Financial Times: Shell drops claim it 'acted in good faith'
By Carola Hoyos
Published: March 4 2004 21:58 | Last Updated: March 4 2004 21:58
Royal Dutch/Shell, the Anglo-Dutch energy group, on Thursday abandoned its assertion that its management acted "in good faith" when it wrongly booked almost 4bn barrels of oil and gas reserves with the US Securities and Exchange Commission.
Sir Philip Watts, the company's chairman, was forced to resign on Wednesday amid an SEC investigation and pressure from investors.
The resignation came as a surprise. Sir Philip had only recently told analysts and investors that he had the full backing of the board to remain chairman and help sort out the debacle over the misbooked reserves, which came to light on January 9.
A Shell spokesman said he could no longer make the assertion that management had acted in good faith, which has been an oft-repeated staple in Shell's communications in the past two months.
Sir Philip stated in a letter to Shell staff on January 16, which was later made public: "I believe that individuals concerned worked in good faith to the interpretations in use when the bookings were made, following proper processes, and that there is no evidence of any misconduct."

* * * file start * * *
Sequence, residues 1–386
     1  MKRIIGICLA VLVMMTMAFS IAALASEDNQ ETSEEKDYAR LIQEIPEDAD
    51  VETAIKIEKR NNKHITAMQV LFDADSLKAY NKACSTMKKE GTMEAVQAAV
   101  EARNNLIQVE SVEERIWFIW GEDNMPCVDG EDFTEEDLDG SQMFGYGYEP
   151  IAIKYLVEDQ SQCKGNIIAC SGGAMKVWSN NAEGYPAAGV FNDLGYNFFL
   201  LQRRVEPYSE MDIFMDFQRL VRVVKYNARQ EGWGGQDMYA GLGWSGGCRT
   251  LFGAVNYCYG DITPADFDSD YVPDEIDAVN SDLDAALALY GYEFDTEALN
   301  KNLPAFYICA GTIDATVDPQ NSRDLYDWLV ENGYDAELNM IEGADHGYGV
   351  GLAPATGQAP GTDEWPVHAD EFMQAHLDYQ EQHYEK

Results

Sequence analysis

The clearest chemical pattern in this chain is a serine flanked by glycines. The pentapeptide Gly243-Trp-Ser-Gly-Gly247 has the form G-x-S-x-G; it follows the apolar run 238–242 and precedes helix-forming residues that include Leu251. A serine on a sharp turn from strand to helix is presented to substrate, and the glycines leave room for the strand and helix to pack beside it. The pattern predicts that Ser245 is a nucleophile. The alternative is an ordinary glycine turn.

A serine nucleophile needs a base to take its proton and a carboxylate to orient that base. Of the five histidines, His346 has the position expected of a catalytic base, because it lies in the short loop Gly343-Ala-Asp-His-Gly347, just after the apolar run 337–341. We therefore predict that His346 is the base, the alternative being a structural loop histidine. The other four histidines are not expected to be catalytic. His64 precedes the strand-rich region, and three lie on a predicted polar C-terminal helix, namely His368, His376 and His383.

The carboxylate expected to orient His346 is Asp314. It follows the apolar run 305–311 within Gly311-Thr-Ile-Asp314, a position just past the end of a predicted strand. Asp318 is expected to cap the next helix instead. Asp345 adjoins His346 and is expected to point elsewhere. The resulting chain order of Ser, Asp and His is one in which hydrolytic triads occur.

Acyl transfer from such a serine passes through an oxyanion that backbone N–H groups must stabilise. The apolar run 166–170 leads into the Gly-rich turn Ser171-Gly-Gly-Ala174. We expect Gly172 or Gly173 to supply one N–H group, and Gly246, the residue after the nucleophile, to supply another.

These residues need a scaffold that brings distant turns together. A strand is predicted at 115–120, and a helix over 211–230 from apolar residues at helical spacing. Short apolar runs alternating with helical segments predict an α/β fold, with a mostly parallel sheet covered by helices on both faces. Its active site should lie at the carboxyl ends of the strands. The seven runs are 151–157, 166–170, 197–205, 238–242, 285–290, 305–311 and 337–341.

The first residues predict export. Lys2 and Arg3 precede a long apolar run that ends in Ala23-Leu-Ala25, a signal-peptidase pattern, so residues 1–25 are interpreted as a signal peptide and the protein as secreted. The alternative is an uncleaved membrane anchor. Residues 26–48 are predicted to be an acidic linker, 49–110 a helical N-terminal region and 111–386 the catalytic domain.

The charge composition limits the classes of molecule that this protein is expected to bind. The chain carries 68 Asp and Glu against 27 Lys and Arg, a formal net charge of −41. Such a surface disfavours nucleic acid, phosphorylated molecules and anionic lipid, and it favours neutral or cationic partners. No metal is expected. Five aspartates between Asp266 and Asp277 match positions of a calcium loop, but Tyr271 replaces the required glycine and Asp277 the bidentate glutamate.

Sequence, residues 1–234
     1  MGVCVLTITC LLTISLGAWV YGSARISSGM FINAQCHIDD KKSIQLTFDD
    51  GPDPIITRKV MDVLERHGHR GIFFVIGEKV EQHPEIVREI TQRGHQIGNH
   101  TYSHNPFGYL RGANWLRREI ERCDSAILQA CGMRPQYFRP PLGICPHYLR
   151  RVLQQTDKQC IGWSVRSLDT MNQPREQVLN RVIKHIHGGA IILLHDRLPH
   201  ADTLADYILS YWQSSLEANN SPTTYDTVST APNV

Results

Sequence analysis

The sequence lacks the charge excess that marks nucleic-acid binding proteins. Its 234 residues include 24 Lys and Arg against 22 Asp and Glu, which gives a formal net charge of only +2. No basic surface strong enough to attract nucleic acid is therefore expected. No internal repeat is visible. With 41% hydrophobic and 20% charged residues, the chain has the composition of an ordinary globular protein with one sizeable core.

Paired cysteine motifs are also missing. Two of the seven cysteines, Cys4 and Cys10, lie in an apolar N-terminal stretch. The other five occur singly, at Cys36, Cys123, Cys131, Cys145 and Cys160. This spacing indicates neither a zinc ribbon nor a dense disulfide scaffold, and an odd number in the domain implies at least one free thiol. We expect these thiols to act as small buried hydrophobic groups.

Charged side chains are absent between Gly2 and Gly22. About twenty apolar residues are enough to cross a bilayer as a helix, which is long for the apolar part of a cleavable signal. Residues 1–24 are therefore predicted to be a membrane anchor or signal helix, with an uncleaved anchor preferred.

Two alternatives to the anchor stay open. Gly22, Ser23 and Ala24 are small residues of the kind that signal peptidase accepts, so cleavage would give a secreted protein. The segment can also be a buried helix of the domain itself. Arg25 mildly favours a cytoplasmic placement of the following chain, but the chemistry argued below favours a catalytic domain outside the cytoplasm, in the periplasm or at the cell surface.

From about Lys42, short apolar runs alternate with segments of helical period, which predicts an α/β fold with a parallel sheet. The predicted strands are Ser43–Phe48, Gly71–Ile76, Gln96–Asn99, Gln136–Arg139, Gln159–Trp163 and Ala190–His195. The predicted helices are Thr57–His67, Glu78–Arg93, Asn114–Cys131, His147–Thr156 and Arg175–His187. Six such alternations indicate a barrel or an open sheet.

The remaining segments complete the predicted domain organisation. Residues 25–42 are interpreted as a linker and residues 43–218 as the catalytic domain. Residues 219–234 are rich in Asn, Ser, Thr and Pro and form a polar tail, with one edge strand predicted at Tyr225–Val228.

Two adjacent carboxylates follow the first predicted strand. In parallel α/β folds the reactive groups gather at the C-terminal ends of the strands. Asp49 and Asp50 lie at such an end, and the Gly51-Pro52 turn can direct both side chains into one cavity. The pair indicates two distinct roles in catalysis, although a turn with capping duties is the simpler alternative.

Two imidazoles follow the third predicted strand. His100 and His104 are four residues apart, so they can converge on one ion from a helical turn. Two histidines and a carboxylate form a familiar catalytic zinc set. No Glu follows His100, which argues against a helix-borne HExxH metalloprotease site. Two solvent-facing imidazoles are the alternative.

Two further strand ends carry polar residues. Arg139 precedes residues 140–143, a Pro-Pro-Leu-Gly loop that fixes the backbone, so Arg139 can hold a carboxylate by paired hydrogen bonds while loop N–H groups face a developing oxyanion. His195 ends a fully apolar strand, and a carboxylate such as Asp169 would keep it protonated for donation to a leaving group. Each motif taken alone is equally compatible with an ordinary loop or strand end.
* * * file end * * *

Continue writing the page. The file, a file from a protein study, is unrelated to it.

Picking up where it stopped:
The spokesman said he could now only say that "judgments were made in the past that would not be made today" - another statement that Shell has made before. But he added that the group's twin boards had found no illegal conduct.
The company said its boards decided to seek changes in management after hearing the findings of a group audit committee review of the circumstances surrounding the January recategorisation of the group's reserves.
That review is expected to be passed to the SEC when it is completed.
The SEC’s investigation, which makes the issue of whether managers acted in good faith especially sensitive, is said to have been of particular concern to the board members of Royal Dutch, which controls 60 per cent of the group.
The audit committee has also hired law firm Davis, Polk and Wardwell and set up its working group to review the issues surrounding Shell’s announcement, which shocked investors.
Questions have been raised over whether Sir Philip had been warned before January 9 that some of the fields he had agreed to define as proved reserves did not qualify as such under SEC rules.
Asked by the Financial Times last month whether this was the case, he said: “The judgment was made annually that we were, in aggregate, for the totality of the group, materially consistent with the SEC rules and guidelines and people used that judgment at the time and signed off.”
Since then Sir Philip has been unavailable for comment. Sir Philip was Shell’s head of exploration and production and oversaw the booking of reserves for almost all of the period - 1996 to 2002 - during which the erroneous bookings were made.
One of Shell’s biggest mistakes during that time was that it booked the giant Gorgon gas field in Australia as proved, even though it was far from being developed. Shell’s partners in the field did not make the same mistake. ExxonMobil and ChevronTexaco, the two US partners, have yet to book the field.